The Sketch: Willard Leroy Metcalf and Thomas Satterwhite Nobleby Matthew Innis |
An artist’s sketch can contain the germ of an idea, the excitement of fresh vision, and a visceral testament of the communication between hand and eye. Sketches can be studies for more developed final works, a place to block out compositions, or a testing ground for color and materials. They can be visual diaries of foreign trips or a detailed accounting of domestic bird sightings, accompanied by detailed notes on plumage. All of these and more can be found in the sketchbooks and loose sketches of the artists Willard Metcalf and Thomas Satterwhite Noble.
American Impressionist Willard Metcalf hailed from Boston and spent many summers working at art colonies in New England, but the most lasting impact on his art were the five years he spent studying in France. Metcalf became a part of the American Colony in Giverny, near the home of the famed French Impressionist Claude Monet. There are sketches of Giverny and Montmartre in France, as well as a trip to Mexico, which will be displayed in rotation to limit light exposure. Evidently, the artist was also an avid birder, judging by his detailed drawings and notes.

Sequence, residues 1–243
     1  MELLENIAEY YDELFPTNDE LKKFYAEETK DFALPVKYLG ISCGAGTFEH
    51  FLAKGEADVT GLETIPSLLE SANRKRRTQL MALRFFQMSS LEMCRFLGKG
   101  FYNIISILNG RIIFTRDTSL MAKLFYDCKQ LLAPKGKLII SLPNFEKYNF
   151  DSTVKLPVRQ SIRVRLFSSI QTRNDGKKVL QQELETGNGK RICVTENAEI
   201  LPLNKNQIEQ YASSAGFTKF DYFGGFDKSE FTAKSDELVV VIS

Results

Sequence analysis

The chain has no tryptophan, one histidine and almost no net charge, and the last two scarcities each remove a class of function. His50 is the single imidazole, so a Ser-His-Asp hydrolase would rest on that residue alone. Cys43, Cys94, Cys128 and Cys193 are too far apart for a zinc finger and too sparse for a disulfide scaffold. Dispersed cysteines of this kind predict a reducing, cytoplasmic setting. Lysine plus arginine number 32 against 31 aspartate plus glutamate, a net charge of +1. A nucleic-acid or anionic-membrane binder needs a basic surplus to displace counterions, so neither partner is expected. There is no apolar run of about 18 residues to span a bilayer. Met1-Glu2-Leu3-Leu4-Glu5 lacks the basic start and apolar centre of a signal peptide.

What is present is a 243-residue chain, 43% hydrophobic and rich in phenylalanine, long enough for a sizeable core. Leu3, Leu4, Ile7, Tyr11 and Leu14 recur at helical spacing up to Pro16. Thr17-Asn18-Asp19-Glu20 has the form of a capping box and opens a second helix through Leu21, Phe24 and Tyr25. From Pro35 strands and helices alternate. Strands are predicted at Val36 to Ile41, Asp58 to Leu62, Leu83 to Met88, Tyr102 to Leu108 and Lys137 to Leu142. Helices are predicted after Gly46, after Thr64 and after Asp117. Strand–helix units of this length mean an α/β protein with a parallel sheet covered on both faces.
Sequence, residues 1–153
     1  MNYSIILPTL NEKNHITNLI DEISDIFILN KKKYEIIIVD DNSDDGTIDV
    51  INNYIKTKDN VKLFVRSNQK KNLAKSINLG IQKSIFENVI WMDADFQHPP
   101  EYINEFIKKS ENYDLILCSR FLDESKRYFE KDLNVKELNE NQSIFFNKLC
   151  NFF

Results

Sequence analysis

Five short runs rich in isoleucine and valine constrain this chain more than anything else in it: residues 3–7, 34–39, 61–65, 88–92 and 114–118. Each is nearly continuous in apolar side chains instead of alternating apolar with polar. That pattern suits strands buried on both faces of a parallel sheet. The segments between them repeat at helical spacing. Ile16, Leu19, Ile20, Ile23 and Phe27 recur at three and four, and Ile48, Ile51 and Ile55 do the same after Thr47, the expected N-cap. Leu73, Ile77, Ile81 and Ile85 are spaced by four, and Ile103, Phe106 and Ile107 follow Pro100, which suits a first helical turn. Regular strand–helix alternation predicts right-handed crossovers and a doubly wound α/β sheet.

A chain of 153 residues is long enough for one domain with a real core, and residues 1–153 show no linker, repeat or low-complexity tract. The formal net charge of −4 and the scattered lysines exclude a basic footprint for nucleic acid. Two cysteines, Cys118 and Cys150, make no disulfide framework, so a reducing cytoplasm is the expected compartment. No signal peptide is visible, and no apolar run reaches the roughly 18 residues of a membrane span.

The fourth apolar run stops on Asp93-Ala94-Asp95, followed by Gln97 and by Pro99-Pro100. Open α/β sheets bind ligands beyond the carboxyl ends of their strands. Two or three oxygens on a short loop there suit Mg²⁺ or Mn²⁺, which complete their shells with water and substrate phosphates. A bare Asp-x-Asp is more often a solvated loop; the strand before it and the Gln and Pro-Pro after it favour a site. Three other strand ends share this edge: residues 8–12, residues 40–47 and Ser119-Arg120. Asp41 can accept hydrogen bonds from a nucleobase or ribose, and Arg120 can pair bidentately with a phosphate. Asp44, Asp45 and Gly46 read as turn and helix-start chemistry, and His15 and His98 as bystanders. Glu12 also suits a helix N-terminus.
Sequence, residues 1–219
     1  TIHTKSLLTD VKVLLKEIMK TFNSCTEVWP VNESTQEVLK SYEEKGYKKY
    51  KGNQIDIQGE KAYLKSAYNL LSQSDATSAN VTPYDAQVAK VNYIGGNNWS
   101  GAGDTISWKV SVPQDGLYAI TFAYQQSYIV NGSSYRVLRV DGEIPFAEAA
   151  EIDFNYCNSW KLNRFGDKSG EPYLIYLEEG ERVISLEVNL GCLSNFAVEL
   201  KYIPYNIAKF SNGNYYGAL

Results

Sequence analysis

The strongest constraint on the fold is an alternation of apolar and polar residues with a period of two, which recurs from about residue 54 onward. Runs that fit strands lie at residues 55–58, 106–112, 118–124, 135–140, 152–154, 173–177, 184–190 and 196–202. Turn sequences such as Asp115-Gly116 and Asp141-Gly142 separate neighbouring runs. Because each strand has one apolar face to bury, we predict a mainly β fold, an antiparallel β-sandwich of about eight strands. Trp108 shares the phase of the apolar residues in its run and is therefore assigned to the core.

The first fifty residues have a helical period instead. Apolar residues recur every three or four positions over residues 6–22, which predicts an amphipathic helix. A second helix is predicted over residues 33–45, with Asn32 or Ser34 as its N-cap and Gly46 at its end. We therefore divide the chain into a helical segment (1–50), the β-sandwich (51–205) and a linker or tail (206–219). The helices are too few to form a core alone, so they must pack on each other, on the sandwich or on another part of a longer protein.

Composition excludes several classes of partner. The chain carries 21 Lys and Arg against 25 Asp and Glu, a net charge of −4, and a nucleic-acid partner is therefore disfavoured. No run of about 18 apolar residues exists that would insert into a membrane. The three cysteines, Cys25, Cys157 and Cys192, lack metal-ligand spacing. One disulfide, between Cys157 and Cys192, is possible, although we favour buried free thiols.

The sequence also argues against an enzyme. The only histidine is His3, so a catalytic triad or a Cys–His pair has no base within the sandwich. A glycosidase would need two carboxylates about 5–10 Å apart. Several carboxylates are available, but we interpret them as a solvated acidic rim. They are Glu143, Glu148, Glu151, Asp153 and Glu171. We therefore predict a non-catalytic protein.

Thomas Satterwhite Noble was a native of Lexington who studied with several Kentucky artists before traveling to Paris. After serving in the Confederate Army in the Civil War, Noble moved to New York and executed a series paintings with anti-slavery themes. He later became director of the McMicken School of Design (which later became the Art Academy of Cincinnati). Among his sketchbooks and loose drawings are studies of trees and landscapes, along with scenes of European travels. While he often does not record the location—familiar to him, of course—he does make detailed notes of what colors to use in later paintings.